|This is an archive of past discussions. Do not edit the contents of this page. If you wish to start a new discussion or revive an old one, please do so on the current talk page.|
- Application/Implementation - describe the consensus as to how we can go about achieving sustainability, basically; how to put the concepts/description into practice, include links to main articles where appropriate
- Water - discuss sustainable water use/management
- Food and Agriculture - discuss the need for localised agriculture & food production
- Energy - discuss how to transition our energy infrastructure to renewables, include links to main articles on renewable energy
- Matierals - discuss the utilisation of appropriate materials, non-toxic, non-carcenogenic, etc
- Waste - discuss utilising waste as food for other biological systems, reducing waste, consumerism
- Population Control - discuss how to sustain the human population to cope with the available resources
- Technology - discuss the need for investment in research of appropriate technology to make it a viable alternative
- Social Systems - discuss education, changing habits, social justice, progression of current social/government systems
- Urban Structure - discuss transit-oriented urban environments, localised services, eradication of private automobiles in urban areas, sustainable building
- Economic Systems - discuss how to progress to better, more consistent, sustained economic systems
- Protection and Regeneration of Biospheres - discuss preservation of remnant ecology undisturbed by human activity and how to rezone areas of land for regeneration of native ecology
Sustainability governance Environmentally focused categories
- Cultivated land
- Invasive species
- Reclaiming land
- Carbon sequestration
- Climate change
- Materials & waste
- Building & construction
Socially focused categories
- Population & urbanization
- Peace and security
- ?Environmental law
Economically focused categories
- Limits to economic growth
- Economic externalities and their role within market structures
- Ethical economics – socio-environmental consequences of market behaviour and unregulated market activity
Cultural, psychological and behavioural change
See above for a proposed new structure to think about. Sorry – a content and structure thing again. I know we have "agreed" to the outline but I get a bit stuck at this point in our editing and had better explain why. Its essentially because this is where all the complexity comes streaming in and the careful selection of headings and categories becomes important (but a matter of opinion). We want to avoid repetation and construct it so that people can go to what they are after without too much brow furrowing. It also needs to cohere rather than be just a set of headings. - that is we need to be able to link our thinking from one heading (or set of headings) to the next. For convenience (only) I see protection of the biosphere as being done in two ways – firstly by improved “direct” management of land, waterbodies and atmosphere. Then by managing consumption – the headings then reflect this approach. Anyway - lets discuss a bit.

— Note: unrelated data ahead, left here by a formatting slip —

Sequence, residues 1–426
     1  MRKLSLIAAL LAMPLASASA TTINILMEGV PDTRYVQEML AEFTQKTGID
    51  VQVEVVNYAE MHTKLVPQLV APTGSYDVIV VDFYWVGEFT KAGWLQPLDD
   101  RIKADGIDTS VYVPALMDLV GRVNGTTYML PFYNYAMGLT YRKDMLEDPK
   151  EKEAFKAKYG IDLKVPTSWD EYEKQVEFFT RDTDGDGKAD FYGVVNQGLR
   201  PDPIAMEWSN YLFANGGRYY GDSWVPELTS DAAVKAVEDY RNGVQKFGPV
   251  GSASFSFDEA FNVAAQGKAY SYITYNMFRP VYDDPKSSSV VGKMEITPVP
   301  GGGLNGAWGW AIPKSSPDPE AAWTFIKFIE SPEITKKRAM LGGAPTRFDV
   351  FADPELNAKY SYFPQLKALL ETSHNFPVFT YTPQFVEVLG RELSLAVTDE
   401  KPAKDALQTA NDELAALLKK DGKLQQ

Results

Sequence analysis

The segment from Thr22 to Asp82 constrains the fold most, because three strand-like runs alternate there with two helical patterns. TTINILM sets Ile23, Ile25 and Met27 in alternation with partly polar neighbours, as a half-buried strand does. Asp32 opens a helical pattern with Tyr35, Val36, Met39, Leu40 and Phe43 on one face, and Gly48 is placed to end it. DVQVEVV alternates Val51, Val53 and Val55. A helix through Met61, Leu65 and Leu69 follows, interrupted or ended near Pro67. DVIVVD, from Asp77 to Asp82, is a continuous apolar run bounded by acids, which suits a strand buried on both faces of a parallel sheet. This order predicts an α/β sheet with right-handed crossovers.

A number of points for comment:
- I don’t know how to express what I’ve called the “focused” thingies. Any ideas – or, more to the point what are your thoughts about any other way of dealing with the huge array of topics?
- Could we have an overall heading for the above topics: “Sustainability governance” or “Governance”. I can understand resistance to this – just say if not appropriate – governance is meant to be implementation at all scales.
- I also think there are omissions. As many people have pointed out, transforming ourselves into a sustainable society has more to do with cultural, socio-political and behavioural change than most of the content of our article. I think we need a separate heading for this and that what is currently live under this heading needs to be vamped up a bit. I think environmental law has a place, perhaps just the sidebar if there is space!
- There are headings in the current article that don’t seem to have any bearing on the subject: Peace and security – globalization and governments. Although these might not need headings I think they are topics that do need coverage as they do have a distinct bearing on the topic– however, possibly little more space than they have at present live.
- I agree with everything, except... Your updated outline for this section is well on the way, there are bits n' pieces I'd like to tweak but I'll leave them for when I have more time, but I like the path your going down regarding consumption & resource management. 'Sustainability governance' is just a bit too confusing, it implies that it relates directly to governmental aspects, were after something that encompasses more than just government/administration, etc. I think we should just say 'Implementation' or 'Application' for now, perhaps we can come up with a better name for 'sustainability governance. Nick carson (talk) 11:32, 17 January 2009 (UTC)
- Side note: The folks at the 'sustainable development portal' havn't commented on my suggestion to change the name to the 'sustainability portal', it's a bold suggestion and the fact that a decent amount of time has passed, as well as some other observations, suggests to me that it's not a particularly active portal, maybe I'm wrong? maybe they don't want to comment? maybe it's time to throw a bees nest in there? Nick carson (talk) 11:37, 17 January 2009 (UTC)